Opeyemi Babatunde Ogunsuyi
Federal University of Technology, Nigeria
Opeyemi Babatunde Ogunsuyi currently works at the Department of Biomedical Technology, Federal University of Technology, Akure. Opeyemi does research in Biochemistry with a special focus on Neurophytotherapy, Functional Foods, and Nutraceuticals. Their current project is natural therapy for neurodegenerative diseases using Drosophila melanogaster as a model organism.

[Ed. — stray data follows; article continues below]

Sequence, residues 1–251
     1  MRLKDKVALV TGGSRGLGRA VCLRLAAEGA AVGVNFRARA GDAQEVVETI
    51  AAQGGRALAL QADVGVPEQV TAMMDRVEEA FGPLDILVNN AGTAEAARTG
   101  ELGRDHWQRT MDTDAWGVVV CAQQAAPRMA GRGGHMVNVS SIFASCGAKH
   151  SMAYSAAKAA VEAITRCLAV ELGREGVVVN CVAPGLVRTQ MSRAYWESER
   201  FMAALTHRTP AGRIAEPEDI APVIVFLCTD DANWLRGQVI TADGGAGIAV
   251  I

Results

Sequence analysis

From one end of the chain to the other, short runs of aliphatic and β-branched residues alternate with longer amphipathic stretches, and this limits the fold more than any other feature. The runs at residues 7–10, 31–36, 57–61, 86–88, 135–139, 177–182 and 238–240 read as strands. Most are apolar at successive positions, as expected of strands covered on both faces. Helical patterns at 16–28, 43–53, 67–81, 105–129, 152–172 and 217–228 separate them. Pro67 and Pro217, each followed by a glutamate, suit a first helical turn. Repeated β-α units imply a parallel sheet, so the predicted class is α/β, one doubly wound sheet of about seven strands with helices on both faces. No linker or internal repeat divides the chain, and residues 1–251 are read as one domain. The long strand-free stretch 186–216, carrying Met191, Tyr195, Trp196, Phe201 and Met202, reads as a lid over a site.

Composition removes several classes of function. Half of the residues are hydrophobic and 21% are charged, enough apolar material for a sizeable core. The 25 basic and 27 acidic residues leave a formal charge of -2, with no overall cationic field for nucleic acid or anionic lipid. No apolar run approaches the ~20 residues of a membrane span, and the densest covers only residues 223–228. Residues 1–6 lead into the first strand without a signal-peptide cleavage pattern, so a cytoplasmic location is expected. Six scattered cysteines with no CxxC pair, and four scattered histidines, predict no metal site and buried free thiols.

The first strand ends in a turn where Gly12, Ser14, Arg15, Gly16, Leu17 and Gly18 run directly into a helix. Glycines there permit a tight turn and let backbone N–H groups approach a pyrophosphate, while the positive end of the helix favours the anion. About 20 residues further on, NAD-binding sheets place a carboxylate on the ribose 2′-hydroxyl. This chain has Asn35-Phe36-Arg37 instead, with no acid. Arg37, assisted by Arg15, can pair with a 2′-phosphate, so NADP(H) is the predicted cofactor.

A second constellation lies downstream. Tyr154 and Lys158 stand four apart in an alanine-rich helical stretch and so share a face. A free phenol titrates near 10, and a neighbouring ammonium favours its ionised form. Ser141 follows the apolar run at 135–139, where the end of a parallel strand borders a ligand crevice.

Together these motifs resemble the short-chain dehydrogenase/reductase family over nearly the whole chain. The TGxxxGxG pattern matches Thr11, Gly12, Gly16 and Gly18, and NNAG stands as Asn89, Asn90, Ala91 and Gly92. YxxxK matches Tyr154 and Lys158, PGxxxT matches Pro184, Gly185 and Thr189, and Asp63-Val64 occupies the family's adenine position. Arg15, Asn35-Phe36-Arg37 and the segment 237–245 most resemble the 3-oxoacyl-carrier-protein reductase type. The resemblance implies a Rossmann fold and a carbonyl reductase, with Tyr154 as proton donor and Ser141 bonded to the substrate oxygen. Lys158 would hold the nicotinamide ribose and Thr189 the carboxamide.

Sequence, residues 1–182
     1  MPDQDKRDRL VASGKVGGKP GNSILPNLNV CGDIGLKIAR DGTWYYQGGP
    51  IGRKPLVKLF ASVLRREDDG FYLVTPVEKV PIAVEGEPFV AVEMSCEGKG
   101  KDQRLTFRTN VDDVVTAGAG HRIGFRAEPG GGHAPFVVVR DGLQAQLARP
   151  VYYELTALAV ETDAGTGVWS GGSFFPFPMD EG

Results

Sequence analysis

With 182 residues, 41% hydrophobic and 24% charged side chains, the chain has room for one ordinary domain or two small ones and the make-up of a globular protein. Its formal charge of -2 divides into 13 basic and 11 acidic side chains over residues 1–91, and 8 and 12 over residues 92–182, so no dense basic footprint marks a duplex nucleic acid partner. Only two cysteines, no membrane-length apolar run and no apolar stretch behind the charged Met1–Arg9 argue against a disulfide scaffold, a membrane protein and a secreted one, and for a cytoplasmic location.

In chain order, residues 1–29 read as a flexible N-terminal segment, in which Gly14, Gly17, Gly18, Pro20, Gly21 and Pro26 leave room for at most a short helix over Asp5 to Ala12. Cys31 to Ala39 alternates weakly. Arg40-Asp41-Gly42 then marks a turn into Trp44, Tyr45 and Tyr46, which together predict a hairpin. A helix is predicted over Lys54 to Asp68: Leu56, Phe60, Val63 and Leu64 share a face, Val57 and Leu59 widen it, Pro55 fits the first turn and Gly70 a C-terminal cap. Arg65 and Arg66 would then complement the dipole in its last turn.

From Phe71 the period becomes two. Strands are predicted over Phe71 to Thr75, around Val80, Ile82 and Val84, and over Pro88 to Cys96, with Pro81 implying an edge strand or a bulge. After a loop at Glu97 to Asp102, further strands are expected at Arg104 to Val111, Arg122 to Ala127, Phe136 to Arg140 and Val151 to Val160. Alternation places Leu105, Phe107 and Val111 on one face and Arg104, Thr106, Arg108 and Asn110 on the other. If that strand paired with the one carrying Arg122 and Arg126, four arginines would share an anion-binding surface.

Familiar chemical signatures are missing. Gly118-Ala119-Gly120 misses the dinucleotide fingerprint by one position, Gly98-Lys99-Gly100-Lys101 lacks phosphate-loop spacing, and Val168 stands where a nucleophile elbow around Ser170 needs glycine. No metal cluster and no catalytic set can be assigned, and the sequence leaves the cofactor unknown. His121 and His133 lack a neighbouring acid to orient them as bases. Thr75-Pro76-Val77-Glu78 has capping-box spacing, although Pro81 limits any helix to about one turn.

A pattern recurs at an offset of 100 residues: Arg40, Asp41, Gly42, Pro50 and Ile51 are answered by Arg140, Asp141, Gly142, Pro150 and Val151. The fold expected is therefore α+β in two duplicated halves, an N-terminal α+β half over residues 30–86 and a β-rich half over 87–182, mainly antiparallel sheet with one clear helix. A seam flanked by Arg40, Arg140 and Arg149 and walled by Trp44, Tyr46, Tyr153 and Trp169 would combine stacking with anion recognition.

This study examined the modulatory effect Black nightshade (Solanum. nigrum L) and African eggplant (Solanum. macrocarpon L) leaves via a feeding trial on cognitive function, antioxidant status, and activities of critical enzymes of monoaminergic and cholinergic systems of neurotransmission in scopolamine-administered rats. Cognitive impairment was induced in albino rats pretreated with dietary inclusions of Black nightshade (BN) and African eggplant (AE) leaves by single administration (i.p) of scopolamine (2 mg/kg body weight). Prior to termination of the trail, the rats were subjected to spontaneous alternation (Y-maze) test to assess their spatial working memory. Thereafter, activities of acetylcholinesterase (AChE), butyrylcholinesterase (BChE), monoamine oxidase (MAO), arginase and antioxidant enzymes (catalase, SOD, and GST) of rat brain homogenate were determined. Also, the malondialdehyde (MDA), nitrite and GSH contents of the homogenate were determined. The results showed that pretreatment with dietary inclusions of AE and BN (5% and 10%) significantly reversed the impairment in the rats’ spatial working memory induced by scopolamine. Similarly, elevations in activities of AChE, BChE, and MAO induced by scopolamine were significantly reversed in rats pretreated with dietary inclusions of AE and BN. In addition, impaired antioxidant status induced by scopolamine was reversed by pretreatment with dietary inclusions of AE and BN. This study has shown that dietary inclusions of AE and BN could protect against cognitive and neurochemical impairments induced by scopolamine and hence, these vegetables could be used as a source of functional foods and nutraceuticals for the prevention and management of cognitive impairments associated with Alzheimer’s disease.